It’s been a busy year in a number of way which is why I haven’t been posting too many lab updates and tutorials.
I’ve got a number of tutorials in the pipeline and pictures that need taking but the next two weeks promise to be just as full so I’m not sure how much I’ll be able to get to while I’ve got the time off my "day job." We’ll see though.
Click through for some pictures and descriptions of what I’ve been up to.
Researchers at NIST have developed a simpler method to "clean" carbon nanotube structures using an excimer laser.
In a forthcoming issue of Chemical Physics Letters, the NIST/NREL team describes how pulses from an excimer laser greatly reduce the amount of carbon impurities in a sample of bulk carbon single-walled nanotubes, without destroying tubes. Both visual examination and quantitative measurements of material structure and composition verify that the resulting sample is "cleaner". The exact cleaning process may need to be slightly modified depending on how the nanotubes are made, the authors note. But the general approach is simpler and less costly than conventional "wet chemistry" processes, which can damage the tubes and also require removal of solvents afterwards.
NIST researchers have come up with a new method that may help to identify defects in superconductors, using a lattice of laser beams controlling a Bose-Einstein condensate.
The JILA experiments were performed with 3 million rubidium atoms held in a magnetic trap. A superfluid of vortices was created by spinning the trap. The reddish BEC cloud, about 100 micrometers in diameter, contained about 100 hollow vortices, like a spinning bundle of fibers. Lasers were used to set up optical lattices grids of light in an arrangement of energy peaks and troughs in triangular and square patterns and focus them onto the BEC.
Because BECs and optical lattices can be precisely controlled, the technique may be useful in studying more mysterious patterned superfluids, such as superconductors.
Photonics.com reports that several groups have developed methods of cooling mirrors using not much more than beams from lasers. The research is aimed at revealing quantum effects in our macroscopic world.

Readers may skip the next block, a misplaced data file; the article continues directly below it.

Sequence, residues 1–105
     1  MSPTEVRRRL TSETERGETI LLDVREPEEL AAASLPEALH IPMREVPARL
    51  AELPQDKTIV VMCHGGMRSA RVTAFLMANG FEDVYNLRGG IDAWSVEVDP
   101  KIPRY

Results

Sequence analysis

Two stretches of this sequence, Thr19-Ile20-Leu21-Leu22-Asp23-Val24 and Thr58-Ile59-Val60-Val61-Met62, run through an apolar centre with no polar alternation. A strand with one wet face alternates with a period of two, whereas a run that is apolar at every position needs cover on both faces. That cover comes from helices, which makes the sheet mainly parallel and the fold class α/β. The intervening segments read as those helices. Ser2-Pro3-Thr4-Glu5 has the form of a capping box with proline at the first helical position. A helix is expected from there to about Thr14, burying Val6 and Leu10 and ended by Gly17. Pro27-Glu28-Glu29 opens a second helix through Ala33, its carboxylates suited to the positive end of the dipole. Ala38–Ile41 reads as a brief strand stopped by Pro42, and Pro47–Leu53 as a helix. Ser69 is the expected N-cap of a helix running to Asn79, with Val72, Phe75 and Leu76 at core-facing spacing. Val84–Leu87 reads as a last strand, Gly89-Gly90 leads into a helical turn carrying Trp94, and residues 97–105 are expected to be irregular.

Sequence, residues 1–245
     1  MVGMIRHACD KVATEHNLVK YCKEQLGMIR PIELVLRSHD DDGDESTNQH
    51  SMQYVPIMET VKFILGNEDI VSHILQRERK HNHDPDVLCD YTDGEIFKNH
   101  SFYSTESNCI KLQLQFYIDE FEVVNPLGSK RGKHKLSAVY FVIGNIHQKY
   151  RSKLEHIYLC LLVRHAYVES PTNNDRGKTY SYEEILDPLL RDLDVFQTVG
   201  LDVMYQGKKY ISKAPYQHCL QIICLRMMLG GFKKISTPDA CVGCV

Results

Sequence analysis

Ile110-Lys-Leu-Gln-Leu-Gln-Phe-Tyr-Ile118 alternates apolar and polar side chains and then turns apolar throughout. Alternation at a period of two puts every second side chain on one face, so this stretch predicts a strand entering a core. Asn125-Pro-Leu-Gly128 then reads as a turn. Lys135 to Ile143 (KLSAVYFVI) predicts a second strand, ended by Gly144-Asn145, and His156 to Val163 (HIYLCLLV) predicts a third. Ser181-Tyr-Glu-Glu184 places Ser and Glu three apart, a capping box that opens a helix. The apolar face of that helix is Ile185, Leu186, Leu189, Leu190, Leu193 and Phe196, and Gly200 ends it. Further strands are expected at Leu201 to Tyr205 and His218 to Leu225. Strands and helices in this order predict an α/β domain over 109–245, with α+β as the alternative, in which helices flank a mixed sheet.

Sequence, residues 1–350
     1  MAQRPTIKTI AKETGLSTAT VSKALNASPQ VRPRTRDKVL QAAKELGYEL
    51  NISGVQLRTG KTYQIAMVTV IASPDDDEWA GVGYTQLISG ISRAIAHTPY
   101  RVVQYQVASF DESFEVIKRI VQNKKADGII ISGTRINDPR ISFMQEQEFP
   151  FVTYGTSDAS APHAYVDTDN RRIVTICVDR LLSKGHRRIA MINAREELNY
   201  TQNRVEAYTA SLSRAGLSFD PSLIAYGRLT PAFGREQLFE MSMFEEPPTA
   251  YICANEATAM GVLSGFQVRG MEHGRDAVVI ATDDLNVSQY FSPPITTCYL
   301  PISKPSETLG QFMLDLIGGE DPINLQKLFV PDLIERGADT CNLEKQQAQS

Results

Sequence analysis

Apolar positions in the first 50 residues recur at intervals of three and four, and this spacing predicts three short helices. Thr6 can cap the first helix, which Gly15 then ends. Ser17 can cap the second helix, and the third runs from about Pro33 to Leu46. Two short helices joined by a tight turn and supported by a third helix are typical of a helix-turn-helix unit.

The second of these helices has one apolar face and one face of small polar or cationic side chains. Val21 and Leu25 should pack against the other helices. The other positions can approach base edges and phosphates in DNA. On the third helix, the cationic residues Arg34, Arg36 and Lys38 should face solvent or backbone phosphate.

Cooling occurs when photons bounce off a springlike structure with a natural resonant frequency. If a laser is off that frequency, the light acts like an ultracold viscous fluid, damping movement and, therefore, cooling the structure. The key to achieving the lowest possible temperature is to have a low-mass, highly reflective mirror mounted on a springy structure of high mechanical quality.
If you know someone who’s recently bought a laser pointer (of any kind) please take the time to make sure that they know not to point the thing at aircraft (really, any other person).
It doesn’t matter that most pointer beams will expand too much to be any danger to the pilots, it doesn’t matter if the power levels are too low to be of any real concern.
This is no joke. The more often that this sort of thing happens, the more likely it becomes that our lasers will become so regulated here in the US that even we can’t get hold of decent power levels anymore.
What prompted this public service announcement?
Recently authorities raided a house in CA looking for a laser that’s been shone at aircraft in the area. Particularly aircraft attempting to land at the Mineta International Airport.
"We received several calls from the FAA and also from some citizens stating that there was a green laser emanating from a residence pointing at some commercial airliners," said Serge Palanov, spokesman from the Santa Clara Sheriff’s Department. "Our own helicopter — Star One — went up in the air into vicinity and they also experienced this green laser pointing at them."
Small lasers, used commonly as light pointers, can beam a high intensity light over a long distances. If the beam were to strike a pilot’s eyes, it could blind him or her.
It doesn’t matter that "small lasers, commonly used as light pointers" would NOT blind a pilot at the distances involved when some random individual gets lucky enough to scan an airliner by hand or that the description is needlessly alarmist. Trying to hit an aircraft with your laser pointer just isn’t a good idea.
If you know someone who has been doing this, go give them a good smack and take their laser away.